To the voters who are only interested in counting the euro on the plus side and comparing them with the euro on the minus side, there were no shocks. There was some tweaking in taxation and social services to ease the problems of the more deprived sectors of the population that had fallen behind. The attention given to pensioners’ income is a case in point. Whether one describes this as socialism or Christianity is irrelevant. Malta’s economic leaps forward had undoubtedly left some at the edge of penury and such measures cannot but be applauded.

Yet Robert Abela has to walk a tight rope as his administration cannot either look backwards with pride or look forward with enthusiasm. That, in short, is the conundrum in which Robert Abela finds himself. He must cut off his connection with the past and close this chapter of Malta’s history; hoping that the next chapter will be entirely of his own making – with no obligation to anybody except to the voters that vote Labour – apart from the obligation that any government has to serve all the people of Malta.

Obviously, if the PN wins the election, opening a new chapter will be the easiest thing because oppositions that win elections always open a new chapter – whether successfully or not so successfully would be judged eventually much later.

The party in government being returned to power and then opening a new chapter to distance itself from its own past is not so easy or obvious. One can never ignore the substantial amount of Labour voters who are still infatuated with Joseph Muscat. Robert Abela needs their votes and he will get them.

Renouncing Joseph Muscat after an electoral victory that could not have happened without those votes is the biggest challenge that Robert Abela will face.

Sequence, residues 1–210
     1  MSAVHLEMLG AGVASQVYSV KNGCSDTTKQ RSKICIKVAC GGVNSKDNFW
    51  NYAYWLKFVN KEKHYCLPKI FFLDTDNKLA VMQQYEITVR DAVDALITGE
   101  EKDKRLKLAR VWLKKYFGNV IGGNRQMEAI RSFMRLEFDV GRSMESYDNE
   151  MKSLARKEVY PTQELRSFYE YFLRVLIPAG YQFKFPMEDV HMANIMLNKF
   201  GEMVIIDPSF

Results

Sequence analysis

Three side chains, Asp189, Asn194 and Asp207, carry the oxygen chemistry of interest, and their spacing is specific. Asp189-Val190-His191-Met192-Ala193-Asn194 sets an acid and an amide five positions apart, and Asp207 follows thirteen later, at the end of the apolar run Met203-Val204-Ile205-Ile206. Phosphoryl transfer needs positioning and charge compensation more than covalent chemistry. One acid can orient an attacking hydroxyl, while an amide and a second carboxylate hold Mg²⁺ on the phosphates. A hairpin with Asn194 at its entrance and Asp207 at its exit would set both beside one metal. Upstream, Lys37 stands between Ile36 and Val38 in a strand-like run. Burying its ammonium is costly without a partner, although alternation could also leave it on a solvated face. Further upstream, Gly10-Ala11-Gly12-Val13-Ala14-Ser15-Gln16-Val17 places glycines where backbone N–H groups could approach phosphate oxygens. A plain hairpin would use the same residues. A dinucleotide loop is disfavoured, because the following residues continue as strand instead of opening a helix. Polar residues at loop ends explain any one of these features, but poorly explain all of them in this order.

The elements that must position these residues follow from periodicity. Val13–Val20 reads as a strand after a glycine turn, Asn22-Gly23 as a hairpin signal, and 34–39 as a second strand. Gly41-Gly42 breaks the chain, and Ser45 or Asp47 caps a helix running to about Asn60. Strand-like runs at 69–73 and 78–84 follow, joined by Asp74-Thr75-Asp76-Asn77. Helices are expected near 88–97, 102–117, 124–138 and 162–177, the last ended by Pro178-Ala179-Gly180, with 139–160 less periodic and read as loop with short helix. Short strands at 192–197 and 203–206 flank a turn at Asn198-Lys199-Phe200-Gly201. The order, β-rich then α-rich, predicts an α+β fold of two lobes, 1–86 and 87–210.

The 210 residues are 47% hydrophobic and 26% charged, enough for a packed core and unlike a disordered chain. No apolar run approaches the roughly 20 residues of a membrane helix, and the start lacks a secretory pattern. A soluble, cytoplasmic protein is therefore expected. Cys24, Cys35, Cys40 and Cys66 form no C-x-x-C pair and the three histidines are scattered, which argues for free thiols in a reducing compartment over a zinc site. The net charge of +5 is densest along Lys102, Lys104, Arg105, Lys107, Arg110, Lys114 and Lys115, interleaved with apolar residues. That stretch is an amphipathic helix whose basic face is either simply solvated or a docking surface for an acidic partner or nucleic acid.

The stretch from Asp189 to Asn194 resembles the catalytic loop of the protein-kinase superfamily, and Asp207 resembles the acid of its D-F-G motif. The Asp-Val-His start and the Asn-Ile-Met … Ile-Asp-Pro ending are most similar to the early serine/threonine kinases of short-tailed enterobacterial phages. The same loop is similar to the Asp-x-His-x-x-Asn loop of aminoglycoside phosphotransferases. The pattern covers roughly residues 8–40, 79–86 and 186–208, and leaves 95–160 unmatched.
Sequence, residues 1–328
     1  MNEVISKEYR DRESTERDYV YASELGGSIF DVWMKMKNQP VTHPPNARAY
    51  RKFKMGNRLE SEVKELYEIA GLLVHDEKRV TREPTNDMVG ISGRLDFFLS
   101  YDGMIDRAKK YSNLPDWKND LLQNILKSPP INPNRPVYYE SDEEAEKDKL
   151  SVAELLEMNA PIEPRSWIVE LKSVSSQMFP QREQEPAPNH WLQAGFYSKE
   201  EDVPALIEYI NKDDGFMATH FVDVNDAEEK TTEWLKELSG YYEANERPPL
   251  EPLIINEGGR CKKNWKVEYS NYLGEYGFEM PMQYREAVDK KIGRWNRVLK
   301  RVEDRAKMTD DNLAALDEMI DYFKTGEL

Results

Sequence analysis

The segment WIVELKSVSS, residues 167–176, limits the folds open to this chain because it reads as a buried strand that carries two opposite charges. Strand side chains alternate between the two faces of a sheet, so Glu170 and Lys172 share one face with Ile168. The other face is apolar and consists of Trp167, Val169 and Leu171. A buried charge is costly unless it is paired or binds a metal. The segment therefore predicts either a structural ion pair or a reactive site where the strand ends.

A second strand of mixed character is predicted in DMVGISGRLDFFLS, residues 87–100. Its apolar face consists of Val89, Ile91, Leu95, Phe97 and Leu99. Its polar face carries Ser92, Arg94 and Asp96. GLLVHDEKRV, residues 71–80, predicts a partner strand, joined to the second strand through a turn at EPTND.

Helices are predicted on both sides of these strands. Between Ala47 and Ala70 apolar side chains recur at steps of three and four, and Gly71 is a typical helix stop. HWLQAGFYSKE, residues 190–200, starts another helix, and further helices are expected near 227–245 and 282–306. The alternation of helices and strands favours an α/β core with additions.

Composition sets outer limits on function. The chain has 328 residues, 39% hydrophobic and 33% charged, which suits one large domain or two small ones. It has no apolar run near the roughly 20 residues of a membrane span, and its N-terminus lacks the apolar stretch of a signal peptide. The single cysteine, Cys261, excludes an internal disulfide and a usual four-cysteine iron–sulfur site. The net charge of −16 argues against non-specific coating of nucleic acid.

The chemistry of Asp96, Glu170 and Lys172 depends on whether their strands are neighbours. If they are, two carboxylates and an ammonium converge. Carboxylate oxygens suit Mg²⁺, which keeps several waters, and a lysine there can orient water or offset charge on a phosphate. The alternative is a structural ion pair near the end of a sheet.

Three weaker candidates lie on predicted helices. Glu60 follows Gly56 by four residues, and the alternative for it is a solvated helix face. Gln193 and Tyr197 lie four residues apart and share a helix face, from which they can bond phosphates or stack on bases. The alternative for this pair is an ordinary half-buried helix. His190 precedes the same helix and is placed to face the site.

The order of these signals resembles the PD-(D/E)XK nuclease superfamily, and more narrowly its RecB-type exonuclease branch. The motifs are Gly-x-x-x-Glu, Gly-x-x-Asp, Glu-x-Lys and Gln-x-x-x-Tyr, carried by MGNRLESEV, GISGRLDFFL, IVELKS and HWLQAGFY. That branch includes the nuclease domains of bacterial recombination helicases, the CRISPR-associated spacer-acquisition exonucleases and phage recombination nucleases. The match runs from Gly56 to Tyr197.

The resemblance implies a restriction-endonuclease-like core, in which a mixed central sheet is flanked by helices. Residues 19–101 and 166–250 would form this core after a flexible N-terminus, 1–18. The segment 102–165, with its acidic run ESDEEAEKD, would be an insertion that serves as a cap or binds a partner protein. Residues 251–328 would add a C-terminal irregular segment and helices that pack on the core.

But that is the only way how to open effectively the new chapter that Malta sorely needs.

Enemalta shake-up

Enemalta has a new CEO and a new chairman. Jonathan Cardona was appointed CEO last Monday, replacing Jason Vella. Meanwhile, Jonathan Scerri will replace Kevin Chircop as chairman.

Personally, I think there must be a serious reason for the two most important people in an organisation to be changed at the same time.

When rumours of the switch were revealed a few weeks ago, the responsible minister, Miriam Dalli, insisted it had nothing to do with the many issues at Enemalta. However there is no doubt that there are concerns about recent widespread power cuts and that the police are investigating the Montenegro wind farm scandal.

In 2020, Enemalta reportedly made losses in the region of €30 million, and a credit-rating report gave a negative outlook for the company.

The price of electric energy has been shooting up in Europe where surging wholesale gas prices are encouraging more utilities to switch back to carbon-heavy coal to generate electricity – just as the EU tries to induce nations to avoid the polluting fuel.

This means that the rate at which Enemalta buys electricity from the European grid via the interconnector has increased substantially. In other times, we were told that Enemalta had opted for a second cable to be connected with the European grid. What has happened to this idea?

In short, despite all Konrad Mizzi’s and Joseph Muscat’s hype, Enemalta is not far off -financially – from where it was when Labour won the 2013 election.

Eventually something has to give. Wait for an increase in electricity rates after the election, irrespective of who will be in government.